As tech stocks endure a broad sell-off this year, Wall Street analysts name some of their top stocks to buy in the dip. The tech-heavy Nasdaq Composite has dropped into correction territory, with a decline of over 11% this year. That compares to a 6% decline for the broader S & P 500. High-growth tech names have been slammed by the prospect of interest rate hikes and the Federal Reserve's policy pivot. This has been compounded by Russia's invasion of Ukraine and a disappointing set of fourth-quarter results, UBS' strategists, led by Vincent Heaney, said on Mar. 14. Facebook parent Meta was one of several big-tech companies that reported disappointing earnings in February. Other tech names that below-expectation results include streaming giant Netflix and fintech titan PayPal . Despite the challenging backdrop, UBS says there are "select opportunities" in the tech space. "While near-term volatility may persist, we expect valuations to stabilize and strong earnings growth to be reflected in share prices over the next 12 months," Heaney said. "We favor investing in quality tech stocks that have strong cash flows and recurring revenues, the ABCs of tech and 5G+ enablers," he added. The "ABCs of tech" refers to artificial intelligence, big data and cybersecurity. UBS expects this theme to register annual revenue and earnings per share growth of 10% and 16%, respectively, into 2025. The bank has forecast the AI market to grow at an annual rate of 20% to reach $90 billion by 2025 and expects global data usage to expand exponentially into 2030. The bank also sees immense potential in cybersecurity as cybercrimes mount. Tech outperformers Investment bank Baird also has highlighted a number of tech themes and stock picks it thinks are "well-positioned" as relative outperformers in the sector. Read more Tech analyst says buy the dip on Microsoft — and names the other tech stocks he likes The bank's analysts, led by Tristan Gerra, noted that "solidly entrenched" inflation will bring about changes in consumers' patterns and accelerate migration to more energy-efficient transportation, work-at-home trends, and digital entertainment. Within the internet and interactive entertainment space, the bank likes online marketplaces Amazon , eBay and Google (owned by Alphabet ) for their resilience against inflation and views them as relative "safe havens." The bank also sees interactive entertainment as an attractive sector in times of inflation as people "cocoon" at home. Its top picks in this space are video game publishers Electronic Arts and Take-Two . Gerra said he believes rising energy prices will accelerate consumers' transition to hybrid and electric vehicles, which will benefit stocks such as STMicroelectronics , ON Semiconductor and Navitas Semiconductor . Meanwhile, the pandemic-induced work-from-home trend will continue to fuel demand for high-end notebooks, gaming devices, robust internet/5G communication, Internet-of-Things and displays, Gerra said. The bank's top picks within the space include a host of chip makers that include Qualcomm , Intel , Advanced Micro Devices , Nvidia , Broadcom and Skyworks Solutions . Baird is positive on cloud software, with the bank viewing the sector as "well-positioned" to weather inflationary pressures due to "very little" supply chain cost exposure. The bank's favorite stocks in this sector are Five9 , Zoom , Twilio and RingCentral . The bank also likes "vertical software" — software developed to serve a specialized vertical or industry — which it says has "historically outperformed" during periods of inflation. "We highlight ideas that provide mission critical products (high gross retention, pricing power), enable productivity to combat inflationary pressures, and/ or are exposed to end-markets where spending is more "protected" from broader macro forces," Gerra said. His picks include Manhattan Associates and SPS Commerce for their respective leadership in warehouse management and fulfillment technologies. Baird also noted that R & D spending on electronic design automation has remained resilient as semiconductor chip designs continue to evolve. The bank sees Cadence Design Systems and Synopsys as well-positioned within this space given their strong pricing power. A perfect storm Wedbush's Dan Ives believes that a "perfect storm" continues to brew for Big Tech, with "nowhere to hide." His top pick in the sector is Apple , which he views as a "Rock of Gibraltar defensive tech name" as well as "the best 5G tech play in the market." He has a price target of $200 on the stock, which represents a 24.5% potential upside to its closing price of $160.60 on Mar. 17. Ives favors large-cap tech names and a rotation into the tech stalwarts with defensive business models and high free cash flow. Amid the extended sell-off in the sector, he favors owning software names such as Oracle , Adobe and Salesforce . Ives also likes the cybersecurity sector given the "significantly elevated level" of cyber attacks now on the horizon. His top picks for exposure to cloud cyber trends include Palo Alto , Zscaler , Crowdstrike , Tenable , Varonis , Fortinet , CyberArk , Palantir and Sailpoint . Lower for longer On Mar. 15, Wells Fargo's analysts led by Michael Turrin said of the tech sell-off: "We recommend starting with the highest quality franchises and are tending towards those business with strong platform positioning, balanced growth profiles, and management teams with proven track records." He prefers large-cap incumbents with strong free cash flow in a "low for longer" defensive macro environment, as well as stocks poised to show significant rebounds in performance when macro worries subside. The bank likes Microsoft as the "best way" to play the broad secular trend towards software, and Workday for its "improving demand" across multiple segments of the business segments. Intuit also makes Wells Fargo's list as a "US-centric and generally more defensive" business. The bank said the company is becoming better diversified while also delivering more "pronounced upside" in its recent results.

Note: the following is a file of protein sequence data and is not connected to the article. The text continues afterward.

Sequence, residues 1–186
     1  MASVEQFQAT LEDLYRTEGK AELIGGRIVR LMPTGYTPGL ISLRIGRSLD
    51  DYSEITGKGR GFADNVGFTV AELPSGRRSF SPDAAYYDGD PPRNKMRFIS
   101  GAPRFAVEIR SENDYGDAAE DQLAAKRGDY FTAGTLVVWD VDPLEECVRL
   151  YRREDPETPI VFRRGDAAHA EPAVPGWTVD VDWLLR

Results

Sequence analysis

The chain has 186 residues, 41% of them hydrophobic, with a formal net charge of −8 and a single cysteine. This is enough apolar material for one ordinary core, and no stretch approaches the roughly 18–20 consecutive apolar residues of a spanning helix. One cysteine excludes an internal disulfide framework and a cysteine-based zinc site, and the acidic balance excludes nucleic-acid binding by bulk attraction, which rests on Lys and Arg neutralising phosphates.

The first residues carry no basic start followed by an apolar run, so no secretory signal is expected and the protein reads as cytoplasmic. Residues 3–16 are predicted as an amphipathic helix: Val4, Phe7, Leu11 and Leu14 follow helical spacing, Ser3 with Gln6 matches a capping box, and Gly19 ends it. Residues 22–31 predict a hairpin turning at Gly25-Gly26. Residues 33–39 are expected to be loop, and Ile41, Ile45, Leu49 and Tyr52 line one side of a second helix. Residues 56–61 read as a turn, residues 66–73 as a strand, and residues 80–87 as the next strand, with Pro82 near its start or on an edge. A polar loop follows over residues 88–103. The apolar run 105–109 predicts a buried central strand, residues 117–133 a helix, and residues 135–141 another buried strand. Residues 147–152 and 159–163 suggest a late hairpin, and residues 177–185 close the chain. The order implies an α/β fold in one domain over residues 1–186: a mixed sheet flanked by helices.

Signage at the entrance to the Intel headquarters in Santa Clara, California, U.S., on Tuesday, Oct. 19, 2021.
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As tech stocks endure a broad sell-off this year, Wall Street analysts name some of their top stocks to buy in the dip.